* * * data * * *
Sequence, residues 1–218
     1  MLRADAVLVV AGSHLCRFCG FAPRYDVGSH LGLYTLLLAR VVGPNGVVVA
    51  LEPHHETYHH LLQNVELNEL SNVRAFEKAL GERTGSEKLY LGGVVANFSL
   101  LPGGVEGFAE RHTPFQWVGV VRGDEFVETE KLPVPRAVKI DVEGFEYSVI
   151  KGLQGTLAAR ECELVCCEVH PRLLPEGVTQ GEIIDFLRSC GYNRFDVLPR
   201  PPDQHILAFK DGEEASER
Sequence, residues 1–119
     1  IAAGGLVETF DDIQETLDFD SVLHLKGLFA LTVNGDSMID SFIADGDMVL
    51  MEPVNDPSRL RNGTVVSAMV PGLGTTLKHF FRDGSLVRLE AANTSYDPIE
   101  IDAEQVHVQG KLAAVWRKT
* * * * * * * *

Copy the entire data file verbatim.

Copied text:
Sequence, residues 1–218
     1  MLRADAVLVV AGSHLCRFCG FAPRYDVGSH LGLYTLLLAR VVGPNGVVVA
    51  LEPHHETYHH LLQNVELNEL SNVRAFEKAL GERTGSEKLY LGGVVANFSL
   101  LPGGVEGFAE RHTPFQWVGV VRGDEFVETE KLPVPRAVKI DVEGFEYSVI
   151  KGLQGTLAAR ECELVCCEVH PRLLPEGVTQ GEIIDFLRSC GYNRFDVLPR
   201  PPDQHILAFK DGEEASER
Sequence, residues 1–119
     1  IAAGGLVETF DDIQETLDFD SVLHLKGLFA LTVNGDSMID SFIADGDMVL
    51  MEPVNDPSRL RNGTVVSAMV PGLGTTLKHF FRDGSLVRLE AANTSYDPIE
   101  IDAEQVHVQG KLAAVWRKT